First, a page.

Teaching Kids About Money:

A Guide by Furness Building Society

A vital life lesson

Teaching young people about money: how it's earned, how it's spent and the difference between a want and need is a crucial stage in a young person’s development.

While this lesson is an important step for youngsters, a third of Brits feel uncomfortable talking about money and a fifth have never discussed personal finances with family and friends at all. It’s important we try to break this cycle.

Opening up the financial conversation with our children at an early age will support future generations of savvy savers. It will encourage a population confident in their money management and truly on top of the difference between basic necessities and life’s perks.

 

Child putting coins in a piggy bank

In this handy guide you’ll find our top tips for teaching kids about money; ways to introduce the topic and activities to help your little one put this into practice.

If you’re looking to find the best ways to save money for children or simply set up a savings account, head over to our savings hub for more information.

In an age of digital...

When we think back to the ways we were first introduced to money, what springs to mind may be piggy banks, coin purses, pocket money and maybe even the slot machine on your seaside holiday.

As the world increasingly moves away from cash toward contactless payments, finding opportunities to teach children that money is a tangible thing, exchanged for services and goods, becomes more difficult.

For children, the concept of contactless payments may be a hop, skip and jump away from monopoly money. When your contactless payments come through a phone or smartwatch, the confusion can easily stack up which creates an illusion of an endless magic pot of money.

You can try and avoid bad spending habits creeping in by showing your children how your balance reduces online as you spend throughout the day.

For example: You may wish to set up notifications on your mobile banking. Then, when you pay for your weekly shop, you’ll receive an alert indicating how much has been spent and the new balance available which you can show your children. This will help to provide a better understanding of digital banking and contactless payments.

Counting your coins

If you do find that your children aren’t used to dealing with actual cash, why not get them a small purse and empty some loose change into it. This can then be theirs to look after and manage. You could encourage them to look at the different shapes and sizes, count them up and notice the different numbers on each.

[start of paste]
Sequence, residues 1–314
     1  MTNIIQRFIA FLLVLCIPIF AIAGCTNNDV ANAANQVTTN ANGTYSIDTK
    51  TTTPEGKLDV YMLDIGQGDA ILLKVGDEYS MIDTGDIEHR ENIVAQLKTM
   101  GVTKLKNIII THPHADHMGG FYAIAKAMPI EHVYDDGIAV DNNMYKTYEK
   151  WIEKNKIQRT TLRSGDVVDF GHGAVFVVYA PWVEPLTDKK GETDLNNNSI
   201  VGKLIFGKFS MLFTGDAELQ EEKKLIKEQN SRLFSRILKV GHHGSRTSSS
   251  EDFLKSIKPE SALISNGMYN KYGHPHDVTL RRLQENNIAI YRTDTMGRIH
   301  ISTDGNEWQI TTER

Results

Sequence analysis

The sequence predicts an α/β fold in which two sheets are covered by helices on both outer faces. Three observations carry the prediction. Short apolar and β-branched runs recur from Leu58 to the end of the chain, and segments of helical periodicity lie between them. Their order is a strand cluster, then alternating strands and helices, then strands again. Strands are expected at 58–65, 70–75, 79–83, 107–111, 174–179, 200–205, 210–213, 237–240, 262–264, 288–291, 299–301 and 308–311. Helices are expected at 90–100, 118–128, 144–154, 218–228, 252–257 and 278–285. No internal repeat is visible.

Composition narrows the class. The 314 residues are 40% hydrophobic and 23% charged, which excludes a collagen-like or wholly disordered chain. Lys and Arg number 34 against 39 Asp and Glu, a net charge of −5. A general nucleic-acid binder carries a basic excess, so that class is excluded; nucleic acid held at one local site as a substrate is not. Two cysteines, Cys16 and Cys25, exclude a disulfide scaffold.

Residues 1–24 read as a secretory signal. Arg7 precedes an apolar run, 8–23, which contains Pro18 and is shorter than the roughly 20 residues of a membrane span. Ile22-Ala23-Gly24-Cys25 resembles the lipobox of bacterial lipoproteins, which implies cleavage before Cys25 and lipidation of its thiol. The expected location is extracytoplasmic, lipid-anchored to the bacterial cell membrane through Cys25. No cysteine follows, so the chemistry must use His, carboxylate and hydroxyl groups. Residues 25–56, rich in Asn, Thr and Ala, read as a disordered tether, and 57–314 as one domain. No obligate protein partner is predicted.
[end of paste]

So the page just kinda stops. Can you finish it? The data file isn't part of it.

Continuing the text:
The power of earning your cash

The question of how to make money as a kid is one that many youngsters will soon ponder, as things like ice creams, trainers and video games become more appealing.

For the average UK family, a weekly spending allowance for children is quite a common concept. That said, receiving money without any action or responsibility being taken is not typically something many adults experience. Teaching this at an early age could therefore be considered counterproductive.

You could try changing this logic by only offering your child’s allowance, or altering the amount of the allowance, based on their help around the home. E.g. Cleaning the car, hoovering their bedroom or helping to cook. This kind of allowance should help to cement the ideal that money is something you are rewarded with and doesn’t often come without hard work first.

The difference between want and need

Children’s money is often spent on a number of different things. In their infancy, it’s sweets and games but as they progress into the teenage years, money becomes more of a driver as the prospect of shopping for clothes, going out with friends and even buying a car, all become a reality.

When moving into adolescence, peer pressure to have the latest thing starts to creep into a child’s conscience. At this point it becomes very important for young people to understand the difference between a want and a need.

Mastering the art of contentment and delayed gratification will give your teen more financial freedom. Try teaching that finding their clothes on Depop or Vinted is a cheaper and more sustainable way to keep up with fashion trends. Likewise, buying a second hand car will still get you from A to B and you don’t need to own all the latest gadgets to keep up with your mates - you can become the master of one.

 

Responsibility is key

For many young people, the first time they truly require a bank account may be at university or when starting their first job. At which point, the expectation is that they now understand how to manage funds digitally, budget for the month and keep on top of their finances.

You can give your children a head start by allowing them to set up a child’s saver account which will help them to practice money management. Here at Furness we have a number of different savings accounts suited to young people that will empower them to understand their cash a little better and encourage them to start saving.

Check out our beginner’s guide to money management for more handy hints and tips, for young people and adults alike.

Next steps

If you have little ones and want to get them thinking about money, why not start by implementing a few of these changes into your life and see where things take you. Communication is always key and the sooner we teach our kids about money the better.

If you’d like to learn more about savings accounts for children, get in touch today by sending us a message, calling our team on 0800 781 4311 or by visiting us in branch.